Notice, too, that this venture is far from being a subjectivistic leap in the dark, even though there are no so-called objective reasons and evidences to form its rationale. S.K. was emphatic that, in the venture, den Enkelte finds and is found by "God's help," "the inner testimony," "argumentum spiritus sancti," "the very motion of the Infinite:" And here is objectivity enough and to spare; God the Spirit is a reality apart from the man, standing over against him, capable, thus, of confronting, judging, correcting, and disciplining him quite independently of the man's own subjective inclinations and desires. Of course this is an entirely individualized objectivity that never can be "shared," i.e. the inner testimony received by one man will not accomplish a whit in easing the need or paving the way for the next person to make his personal venture. But this in no way affects the powerful objectivity of den Enkelte's relationship to God and thus of his "definition" of himself.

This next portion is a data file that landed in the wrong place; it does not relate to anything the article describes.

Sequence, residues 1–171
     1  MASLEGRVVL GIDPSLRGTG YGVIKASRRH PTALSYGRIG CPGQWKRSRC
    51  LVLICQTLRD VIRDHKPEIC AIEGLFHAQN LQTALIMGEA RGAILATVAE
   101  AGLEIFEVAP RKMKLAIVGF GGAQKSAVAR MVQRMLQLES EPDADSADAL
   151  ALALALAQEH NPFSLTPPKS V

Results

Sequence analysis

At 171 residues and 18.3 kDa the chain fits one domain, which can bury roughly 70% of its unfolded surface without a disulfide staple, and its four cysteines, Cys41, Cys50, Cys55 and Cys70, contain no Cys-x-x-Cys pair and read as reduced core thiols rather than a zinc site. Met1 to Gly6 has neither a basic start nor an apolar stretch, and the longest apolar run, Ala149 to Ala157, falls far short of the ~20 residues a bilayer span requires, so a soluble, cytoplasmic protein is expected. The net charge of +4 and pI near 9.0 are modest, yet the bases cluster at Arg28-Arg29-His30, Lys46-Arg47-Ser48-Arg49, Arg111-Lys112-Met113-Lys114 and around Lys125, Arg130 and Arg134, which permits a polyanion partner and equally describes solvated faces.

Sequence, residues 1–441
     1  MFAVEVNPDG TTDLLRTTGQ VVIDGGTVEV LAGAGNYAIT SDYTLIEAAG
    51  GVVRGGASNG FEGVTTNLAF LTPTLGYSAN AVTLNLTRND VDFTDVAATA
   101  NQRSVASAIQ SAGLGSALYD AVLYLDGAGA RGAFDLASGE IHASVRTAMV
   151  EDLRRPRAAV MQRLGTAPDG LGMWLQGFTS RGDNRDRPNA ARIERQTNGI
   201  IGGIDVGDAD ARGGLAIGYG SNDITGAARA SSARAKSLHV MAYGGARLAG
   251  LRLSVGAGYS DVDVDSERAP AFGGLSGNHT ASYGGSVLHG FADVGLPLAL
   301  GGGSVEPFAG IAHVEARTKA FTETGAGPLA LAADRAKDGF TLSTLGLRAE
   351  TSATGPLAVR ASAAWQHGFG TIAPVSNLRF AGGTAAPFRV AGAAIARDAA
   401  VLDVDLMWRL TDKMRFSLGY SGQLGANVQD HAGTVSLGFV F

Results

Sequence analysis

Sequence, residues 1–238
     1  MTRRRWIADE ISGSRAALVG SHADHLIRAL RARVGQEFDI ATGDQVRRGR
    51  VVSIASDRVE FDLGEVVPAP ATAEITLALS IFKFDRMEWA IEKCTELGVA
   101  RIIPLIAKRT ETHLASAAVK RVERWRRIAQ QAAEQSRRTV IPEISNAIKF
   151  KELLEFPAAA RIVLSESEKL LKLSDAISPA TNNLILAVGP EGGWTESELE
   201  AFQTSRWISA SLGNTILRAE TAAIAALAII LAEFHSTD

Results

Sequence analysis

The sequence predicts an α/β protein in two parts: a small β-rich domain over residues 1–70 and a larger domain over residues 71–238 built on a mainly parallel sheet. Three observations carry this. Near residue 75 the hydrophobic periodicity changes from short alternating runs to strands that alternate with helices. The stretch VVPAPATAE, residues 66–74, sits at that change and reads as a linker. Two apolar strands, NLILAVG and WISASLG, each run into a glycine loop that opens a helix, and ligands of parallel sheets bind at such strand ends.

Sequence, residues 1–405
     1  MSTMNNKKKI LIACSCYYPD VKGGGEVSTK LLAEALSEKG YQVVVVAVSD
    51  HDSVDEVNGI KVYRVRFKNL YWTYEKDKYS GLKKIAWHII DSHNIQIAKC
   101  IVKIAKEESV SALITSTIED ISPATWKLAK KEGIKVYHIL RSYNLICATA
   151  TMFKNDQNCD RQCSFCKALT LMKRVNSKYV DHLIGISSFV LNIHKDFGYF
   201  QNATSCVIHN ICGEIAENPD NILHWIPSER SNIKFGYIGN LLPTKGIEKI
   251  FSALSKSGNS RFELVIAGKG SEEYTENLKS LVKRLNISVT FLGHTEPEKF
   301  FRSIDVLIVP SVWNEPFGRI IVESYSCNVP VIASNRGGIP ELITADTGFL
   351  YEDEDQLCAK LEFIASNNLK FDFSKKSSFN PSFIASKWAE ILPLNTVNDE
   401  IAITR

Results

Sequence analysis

Quite simply, for S.K. faith must possess this character of venture and risk, because it is the committing of oneself in a person-to-person relationship. No other understanding of God except that he is a Person even will begin to give coherence to Kierkegaard's thought--and not his religious thought only, but also his so-called philosophic thought. Nothing S.K. ever wrote is more fundamental than the following journal entries:

Augustine has done incalculable harm. The whole of Christian doctrine through the centuries really rests upon him--and he has confused the concept of faith.
Quite simply, Augustine resuscitated the platonic-aristotelian definition, the whole Greek philosophical pagan definition of faith....
For the Greeks faith is a concept which belongs to the sphere of the intellect.... So faith is related to the probable, and we have the ascending scale of faith and knowledge.
From the Christian point of view faith belongs to the existential: God did not appear in the character of a professor who has some doctrines which must first be believed and then understood.
No, faith belongs to and has its home in the existential, and in all eternity it has nothing to do with knowledge as a comparative or a superlative.
Faith expresses a relationship from personality to personality.